For full-frame, the following lens line-up is ideal: 16-35mm, 50mm and either a 70-200mm and 300mm or a 70-300mm. Specialist 'extras' might include a 100mm macro lens and a longer telephoto for wildlife, particularly bird, photography. If you only have a 'standard' zoom, 24-70mm or equivalent, that is absolutely fine and will serve you very well for anything we cover in the workshops. Essentially, you want to have a lens (or combination of lenses) that allows you to shoot fairly wide and a telephoto. For DX or APS-C users, aim for focal lengths of at least 18mm to 200mm.


 If you can, please bring a sturdy outdoor tripod. After a camera and lenses, it's the most essential item of equipment. Manfrotto and Gitzo are excellent brands, but there are many others. 


Camera bag

Camera bag choice is largely down to personal preference. I use a backpack-style bag so that I'm not pulled off-balance when walking across boulder-covered beaches or along mountain paths. I often use it in conjunction with a smaller, holster-style bag attached to a waistbelt – allowing me to easily and quickly access a camera without having to always remove my backpack.


A remote cable release (or remote switch) is essential. Although most cameras have self-timers, it's still useful have a cable release to lock the shutter open for very long (bulb) exposures. Don't forget to bring plenty of digital memory, extra batteries and a battery charger. You will also need a lens cleaning cloth or two, particularly on coastal workshops where sea spray may be an issue. A back-up camera, or compact, might be useful, along with a notebook and pencil. For pre-dawn shoots, a small head torch can come in very handy – both for negotiating paths to reach our viewpoint and also to find what you need in your camera bag!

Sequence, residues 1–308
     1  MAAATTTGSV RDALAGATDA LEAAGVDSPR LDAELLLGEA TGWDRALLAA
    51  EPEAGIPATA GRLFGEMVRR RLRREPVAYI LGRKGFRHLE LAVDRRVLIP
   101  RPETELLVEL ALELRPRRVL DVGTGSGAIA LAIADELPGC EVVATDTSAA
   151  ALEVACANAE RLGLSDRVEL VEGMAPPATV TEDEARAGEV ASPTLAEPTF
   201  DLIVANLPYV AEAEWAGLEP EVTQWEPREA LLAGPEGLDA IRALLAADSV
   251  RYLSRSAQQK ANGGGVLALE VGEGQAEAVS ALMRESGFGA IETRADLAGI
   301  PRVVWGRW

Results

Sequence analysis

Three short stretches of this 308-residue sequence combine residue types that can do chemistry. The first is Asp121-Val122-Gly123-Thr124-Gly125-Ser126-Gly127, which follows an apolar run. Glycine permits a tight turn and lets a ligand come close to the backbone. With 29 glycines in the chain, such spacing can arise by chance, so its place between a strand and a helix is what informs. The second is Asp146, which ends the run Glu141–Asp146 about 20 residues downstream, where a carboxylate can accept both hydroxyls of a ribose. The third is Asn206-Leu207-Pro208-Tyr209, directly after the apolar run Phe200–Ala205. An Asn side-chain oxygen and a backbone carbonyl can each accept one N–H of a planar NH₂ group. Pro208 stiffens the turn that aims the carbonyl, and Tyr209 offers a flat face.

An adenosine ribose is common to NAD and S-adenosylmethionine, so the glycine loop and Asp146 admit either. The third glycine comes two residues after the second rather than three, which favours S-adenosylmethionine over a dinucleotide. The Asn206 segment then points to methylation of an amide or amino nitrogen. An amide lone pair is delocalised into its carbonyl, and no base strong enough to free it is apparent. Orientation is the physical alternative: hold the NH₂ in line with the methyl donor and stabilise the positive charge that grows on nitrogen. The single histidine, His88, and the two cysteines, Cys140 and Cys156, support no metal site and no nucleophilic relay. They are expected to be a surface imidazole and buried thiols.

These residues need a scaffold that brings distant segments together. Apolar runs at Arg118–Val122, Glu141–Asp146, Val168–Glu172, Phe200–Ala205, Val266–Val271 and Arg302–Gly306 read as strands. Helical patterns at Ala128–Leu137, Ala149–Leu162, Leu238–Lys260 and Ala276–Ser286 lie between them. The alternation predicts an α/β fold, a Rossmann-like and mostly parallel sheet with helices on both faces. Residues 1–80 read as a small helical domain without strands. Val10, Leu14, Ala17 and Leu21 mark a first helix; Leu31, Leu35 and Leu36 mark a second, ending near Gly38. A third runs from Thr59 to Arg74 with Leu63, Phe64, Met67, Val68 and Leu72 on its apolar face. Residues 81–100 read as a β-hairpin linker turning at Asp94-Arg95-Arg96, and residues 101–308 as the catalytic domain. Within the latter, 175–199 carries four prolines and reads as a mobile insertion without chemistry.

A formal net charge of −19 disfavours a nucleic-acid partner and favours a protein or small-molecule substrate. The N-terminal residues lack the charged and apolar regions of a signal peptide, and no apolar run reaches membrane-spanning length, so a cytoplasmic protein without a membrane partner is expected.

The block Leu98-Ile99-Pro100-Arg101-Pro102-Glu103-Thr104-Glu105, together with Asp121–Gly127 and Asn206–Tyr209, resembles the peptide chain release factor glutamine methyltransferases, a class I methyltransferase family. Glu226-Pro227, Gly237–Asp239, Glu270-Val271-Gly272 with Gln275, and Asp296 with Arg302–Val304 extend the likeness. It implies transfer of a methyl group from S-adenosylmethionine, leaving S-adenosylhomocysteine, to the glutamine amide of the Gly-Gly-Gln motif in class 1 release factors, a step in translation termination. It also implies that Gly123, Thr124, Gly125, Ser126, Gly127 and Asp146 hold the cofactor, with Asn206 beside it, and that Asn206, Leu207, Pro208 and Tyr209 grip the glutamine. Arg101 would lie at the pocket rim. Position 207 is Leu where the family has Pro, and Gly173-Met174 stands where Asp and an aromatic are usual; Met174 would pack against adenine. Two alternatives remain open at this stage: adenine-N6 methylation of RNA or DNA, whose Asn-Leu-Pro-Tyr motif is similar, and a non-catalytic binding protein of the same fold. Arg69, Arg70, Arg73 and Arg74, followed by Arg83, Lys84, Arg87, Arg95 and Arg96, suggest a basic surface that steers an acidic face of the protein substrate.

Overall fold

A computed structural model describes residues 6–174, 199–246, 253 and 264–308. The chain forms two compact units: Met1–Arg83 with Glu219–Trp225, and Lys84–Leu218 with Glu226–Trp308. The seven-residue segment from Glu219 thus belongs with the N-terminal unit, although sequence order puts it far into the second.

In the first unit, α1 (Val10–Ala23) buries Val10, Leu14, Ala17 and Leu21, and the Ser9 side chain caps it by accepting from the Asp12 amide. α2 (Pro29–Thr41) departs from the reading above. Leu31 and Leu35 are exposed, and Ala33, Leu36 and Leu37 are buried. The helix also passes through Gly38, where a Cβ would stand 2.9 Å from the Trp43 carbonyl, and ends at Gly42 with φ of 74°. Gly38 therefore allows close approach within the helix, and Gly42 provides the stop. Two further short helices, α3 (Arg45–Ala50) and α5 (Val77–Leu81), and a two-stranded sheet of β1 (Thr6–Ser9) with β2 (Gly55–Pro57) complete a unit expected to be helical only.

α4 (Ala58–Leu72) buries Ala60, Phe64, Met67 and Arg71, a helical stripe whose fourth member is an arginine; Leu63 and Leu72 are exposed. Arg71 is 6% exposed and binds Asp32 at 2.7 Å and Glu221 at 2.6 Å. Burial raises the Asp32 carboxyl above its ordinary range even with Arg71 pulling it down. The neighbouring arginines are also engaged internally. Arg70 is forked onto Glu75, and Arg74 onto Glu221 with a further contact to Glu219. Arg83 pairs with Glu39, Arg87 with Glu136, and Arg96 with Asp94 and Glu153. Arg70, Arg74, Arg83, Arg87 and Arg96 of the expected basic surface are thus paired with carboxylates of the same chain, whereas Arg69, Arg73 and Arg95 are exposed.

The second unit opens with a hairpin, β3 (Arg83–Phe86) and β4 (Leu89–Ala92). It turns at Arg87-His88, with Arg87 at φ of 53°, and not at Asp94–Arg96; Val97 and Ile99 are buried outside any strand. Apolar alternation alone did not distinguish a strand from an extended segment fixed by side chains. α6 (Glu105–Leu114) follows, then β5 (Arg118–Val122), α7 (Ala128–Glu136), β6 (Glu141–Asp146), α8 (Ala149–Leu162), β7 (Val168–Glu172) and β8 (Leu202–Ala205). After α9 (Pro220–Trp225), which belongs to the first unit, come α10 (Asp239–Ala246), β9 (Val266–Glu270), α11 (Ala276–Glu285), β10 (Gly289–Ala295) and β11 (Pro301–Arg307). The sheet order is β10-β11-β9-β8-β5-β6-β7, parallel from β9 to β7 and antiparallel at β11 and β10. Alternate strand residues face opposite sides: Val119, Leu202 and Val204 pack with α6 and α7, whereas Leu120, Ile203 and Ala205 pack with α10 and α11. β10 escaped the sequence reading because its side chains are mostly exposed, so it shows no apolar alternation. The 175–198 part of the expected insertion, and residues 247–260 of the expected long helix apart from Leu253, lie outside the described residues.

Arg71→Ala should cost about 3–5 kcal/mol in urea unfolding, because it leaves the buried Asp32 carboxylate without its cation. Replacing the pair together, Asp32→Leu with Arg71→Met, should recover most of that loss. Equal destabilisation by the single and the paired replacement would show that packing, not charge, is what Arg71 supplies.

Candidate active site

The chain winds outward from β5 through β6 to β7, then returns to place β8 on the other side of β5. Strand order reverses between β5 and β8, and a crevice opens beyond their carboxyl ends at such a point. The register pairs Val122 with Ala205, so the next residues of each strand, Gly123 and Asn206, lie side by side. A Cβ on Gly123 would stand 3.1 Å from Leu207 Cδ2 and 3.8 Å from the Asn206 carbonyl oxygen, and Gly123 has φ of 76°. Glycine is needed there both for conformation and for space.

A circular polariser is highly recommended to help reduce reflections on water or shiny surfaces and to accentuate colours. I also use graduated and neutral density filters, including a LEE Big Stopper (a 10-stop neutral density filter which is a must for daytime long exposures). These aren't mandatory, but you may find them useful on workshops. I'll have some filters with me that you'll be able to experiment with, assuming our gear is compatible.


Outdoor Gear

We will be outside, taking photographs, come rain or shine. Please ensure you bring a good rain jacket with you. Waterproof trousers are also a good idea, as is a small travel umbrella. Sturdy footwear with good grip and ankle support is essential. We might need to wade into the sea or streams to set up a shot, so please also bring wellies. Layered clothing is very important. Please pack a pair of gloves and a thermal hat. Other useful items include sunglasses, sunhat, sunscreen and lip balm.

Classroom Sessions

If you have one, please bring a laptop with a card reader for transferring your images and ideally with Lightroom installed. I use the Adobe Creative Cloud Photography Plan which costs just under £10 per month and includes Photoshop as well. Don't worry if you don't have a laptop. We can load a selection of your images into mine. We will often hold a photo critique at the start of the workshop so, even if you don't have a laptop with you, please bring a memory stick with a small selection (no more than 10) of your favourite images.



Canon EOS 5D MkIV


Canon EF 16-35mm f4L USM


Canon EF 70-300mm f4L-5.6 USM


Canon EF 50mm f1.4


Canon EF 100mm f2.8 Macro USM


Manfrotto MT055XPRO3


LowePro Rover


Canon RS-80N3


Circular Polariser


Lee Filters Big Stopper 10-stop Neutral Density

Need more advice?

Please email me. I'll do my best to help.